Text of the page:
Live Close by, Visit Often

( 1 )

Editorial Reviews

Barnes & Noble - David McGee
The funky, celebratory Memphis-style horns announcing the album's opening title track also proclaim a truly revitalized K. T. Oslin. Teaming up with a new songwriting and producer partner, Raul Malo of the Mavericks, the former '80s lady is up-to- date and then some on a collection that showcases her sharp writing and natural feel for blue-eyed soul and classic pop styles. That's right -- Memphis and Tin Pan Alley are the twin coordinates for the music here, and there's nary a stopover to refuel in Nashville. The insightful original songs range from dreamy, sensual blues ballads "I Can't Remember Not Loving You," "Maybe We Should Learn to Tango" to soul struts "Mexico ...
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Editorial Reviews

Barnes & Noble - David McGee
The funky, celebratory Memphis-style horns announcing the album's opening title track also proclaim a truly revitalized K. T. Oslin. Teaming up with a new songwriting and producer partner, Raul Malo of the Mavericks, the former '80s lady is up-to- date and then some on a collection that showcases her sharp writing and natural feel for blue-eyed soul and classic pop styles. That's right -- Memphis and Tin Pan Alley are the twin coordinates for the music here, and there's nary a stopover to refuel in Nashville. The insightful original songs range from dreamy, sensual blues ballads "I Can't Remember Not Loving You," "Maybe We Should Learn to Tango" to soul struts "Mexico Road" and the Bobbie Gentry-styled character study, "Neva Sawyer". A fascinating bit of pop archaeology closes out the affair, as Oslin puts the hurt on a medley of three exquisite romantic numbers, capped by Cole Porter's "What Is This Thing Called Love?," and then signs off with a version of Rosemary Clooney's 1951 hit, "Come On-a My House," that's all techno blips and bleats and thoroughly modern electronic beats, with a spacey, yearning vocal floating tantalizingly above the maelstrom. Daring and unconventional, Live Close By, Visit Often is a peak moment in a career defined by bold choices.
All Music Guide - Maria Konicki Dinoia
Describing the collection of songs on Oslin's first album in five years as diverse is an understatement. It's always nice to hear from Oslin, but this comeback is bittersweet. Too eclectic to call country, too divergent to call pop, the 12 songs on Live Close By, Visit Often are an undefinable mix of various musical styles. Perhaps it was the influence of the Mavericks' frontman, Raul Malo, who served as co-producer. Either way, music doesn't have to be definable or categorized to make it good -- or even interesting -- and Oslin's unmediated vocals are always a pleasure to listen to, no matter what she's singing about.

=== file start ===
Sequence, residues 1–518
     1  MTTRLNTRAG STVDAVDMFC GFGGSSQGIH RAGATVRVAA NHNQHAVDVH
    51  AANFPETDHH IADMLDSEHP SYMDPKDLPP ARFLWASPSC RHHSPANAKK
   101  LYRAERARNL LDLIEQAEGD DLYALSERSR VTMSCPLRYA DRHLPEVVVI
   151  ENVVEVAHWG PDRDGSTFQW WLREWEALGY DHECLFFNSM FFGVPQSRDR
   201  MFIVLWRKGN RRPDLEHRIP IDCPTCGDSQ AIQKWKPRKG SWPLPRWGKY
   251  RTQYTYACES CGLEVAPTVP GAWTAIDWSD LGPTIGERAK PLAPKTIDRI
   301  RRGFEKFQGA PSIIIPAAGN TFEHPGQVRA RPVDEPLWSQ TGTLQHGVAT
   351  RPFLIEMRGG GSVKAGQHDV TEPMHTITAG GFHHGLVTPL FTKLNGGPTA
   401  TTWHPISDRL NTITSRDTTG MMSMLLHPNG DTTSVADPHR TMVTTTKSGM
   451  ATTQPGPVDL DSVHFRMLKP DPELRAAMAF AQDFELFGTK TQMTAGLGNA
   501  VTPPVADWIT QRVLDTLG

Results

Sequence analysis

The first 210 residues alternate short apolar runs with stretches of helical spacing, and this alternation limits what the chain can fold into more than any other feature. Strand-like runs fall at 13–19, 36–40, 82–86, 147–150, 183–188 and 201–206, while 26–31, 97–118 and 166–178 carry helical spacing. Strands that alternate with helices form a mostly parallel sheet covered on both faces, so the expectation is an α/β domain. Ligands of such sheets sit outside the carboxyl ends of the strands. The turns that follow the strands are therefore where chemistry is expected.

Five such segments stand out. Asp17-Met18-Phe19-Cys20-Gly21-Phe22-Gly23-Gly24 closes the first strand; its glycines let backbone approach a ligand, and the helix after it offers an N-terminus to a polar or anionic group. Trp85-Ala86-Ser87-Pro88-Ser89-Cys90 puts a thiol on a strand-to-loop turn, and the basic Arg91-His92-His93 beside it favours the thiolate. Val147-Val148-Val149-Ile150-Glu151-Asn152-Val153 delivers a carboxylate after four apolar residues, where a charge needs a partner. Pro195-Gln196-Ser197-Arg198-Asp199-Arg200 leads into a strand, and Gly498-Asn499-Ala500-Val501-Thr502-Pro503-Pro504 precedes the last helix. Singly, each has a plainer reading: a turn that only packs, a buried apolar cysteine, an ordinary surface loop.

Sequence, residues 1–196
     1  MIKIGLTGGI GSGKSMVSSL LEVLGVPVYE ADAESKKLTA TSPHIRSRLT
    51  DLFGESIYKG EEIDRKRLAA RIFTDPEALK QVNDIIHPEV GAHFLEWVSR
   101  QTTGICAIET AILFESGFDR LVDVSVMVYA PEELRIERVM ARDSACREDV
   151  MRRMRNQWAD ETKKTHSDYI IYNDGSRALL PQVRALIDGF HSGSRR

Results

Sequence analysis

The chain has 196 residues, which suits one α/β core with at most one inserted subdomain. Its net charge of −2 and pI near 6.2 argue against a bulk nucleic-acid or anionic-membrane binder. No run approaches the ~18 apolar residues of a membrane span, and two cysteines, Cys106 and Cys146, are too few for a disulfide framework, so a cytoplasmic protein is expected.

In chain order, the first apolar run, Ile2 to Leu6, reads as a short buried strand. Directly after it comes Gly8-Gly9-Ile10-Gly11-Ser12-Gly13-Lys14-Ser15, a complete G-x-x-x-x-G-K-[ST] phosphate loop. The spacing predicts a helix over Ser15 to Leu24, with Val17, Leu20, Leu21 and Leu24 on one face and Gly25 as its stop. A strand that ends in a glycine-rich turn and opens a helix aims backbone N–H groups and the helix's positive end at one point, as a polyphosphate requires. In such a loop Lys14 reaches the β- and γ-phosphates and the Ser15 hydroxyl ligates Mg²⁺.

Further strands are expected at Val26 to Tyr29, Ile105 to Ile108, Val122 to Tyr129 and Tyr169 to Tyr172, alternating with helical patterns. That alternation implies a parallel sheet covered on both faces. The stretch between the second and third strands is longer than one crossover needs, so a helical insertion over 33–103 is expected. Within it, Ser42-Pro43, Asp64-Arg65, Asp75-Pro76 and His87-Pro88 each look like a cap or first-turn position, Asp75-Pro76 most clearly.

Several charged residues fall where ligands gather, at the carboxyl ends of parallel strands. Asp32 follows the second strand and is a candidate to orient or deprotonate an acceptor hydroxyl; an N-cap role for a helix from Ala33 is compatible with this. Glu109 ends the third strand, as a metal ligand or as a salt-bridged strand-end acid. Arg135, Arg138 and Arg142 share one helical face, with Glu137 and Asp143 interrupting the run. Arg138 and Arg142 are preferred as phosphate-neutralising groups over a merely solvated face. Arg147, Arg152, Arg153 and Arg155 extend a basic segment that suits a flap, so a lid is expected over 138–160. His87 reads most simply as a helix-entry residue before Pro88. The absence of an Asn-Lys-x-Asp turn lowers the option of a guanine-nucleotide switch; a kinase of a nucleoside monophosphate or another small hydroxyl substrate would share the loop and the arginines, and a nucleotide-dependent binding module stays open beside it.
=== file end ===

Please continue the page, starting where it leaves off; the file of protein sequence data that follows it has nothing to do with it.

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Product Details

  • Release Date: 6/19/2001
  • Label: Sony Mod - Afw Line
  • UPC: 078636700724
  • Catalog Number: 67007
  • Sales rank: 163,082

Album Credits

Performance Credits
K.T. Oslin Primary Artist
Dennis Burnside Piano
Mark Casstevens Acoustic Guitar
Jeff Coffin Baritone Saxophone
Kim Fleming Background Vocals
Carl Gorodetzky Violin
Jim Grosjean Viola
Michael Joyce Bass
Vicki Hampton Background Vocals
Jim Hoke Baritone Saxophone
Raul Malo Bass, Background Vocals
Pamela Sixfin Violin
Glenn Worf Bass
Bobby Blazier Drums
Glen Caruba Percussion
Kenny Vaughn Electric Guitar
Vinnie Ciesielski Trumpet
Jeff Roach Organ
Roy Agee Trombone
Scotty Huff Trumpet
Technical Credits
Mike Bradley Engineer
Michael K. Lee Arranger, Programming, Engineer
Raul Malo Producer
K.T. Oslin Producer
Beth Lee Art Direction
Scotty Huff Horn Arrangements
Hank Williams Mastering
Michael Lee Engineer
Nat D. Ayer Composer
Danny Timms Composer
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Customer Reviews

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Sort by: Showing 1 Customer Reviews
  • Anonymous

    Posted October 1, 2010

    Visit again & again

    This album is another brilliant revelation in K.T. Oslin's repetoire. I wish I had picked it up in 2001 when it came out. But so many albums are clunkers these days it's hard to commit to an entire album even by your favorite artists (K.T. is certainly one of mine!). I got this album on sale but would've gladly paid the full price...IT'S THAT GOOD. Opening track, "Live Close By, Visit Often" is rousing and the end track, "Come On-A My House" has a bold, modern arrangement that works REALLY WELL on an old standard (originally done by Rosemary Clooney). It actually has an arrangement that would be considered "chill out" music today (a form of electronica music) a format that was just arriving 3 years ago when this album was released. So that track was very much ahead of it's time, then. It reminds me of Groove Armada's "At The River" which reworked Patti Page's "Old Cape Cod". Every track in between on this album is a gem. And as on all K.T. Oslin's albums and tunes...the story of each song is brought out by the warmth of K.T.'s singing. Gotta love her.

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Sort by: Showing 1 Customer Reviews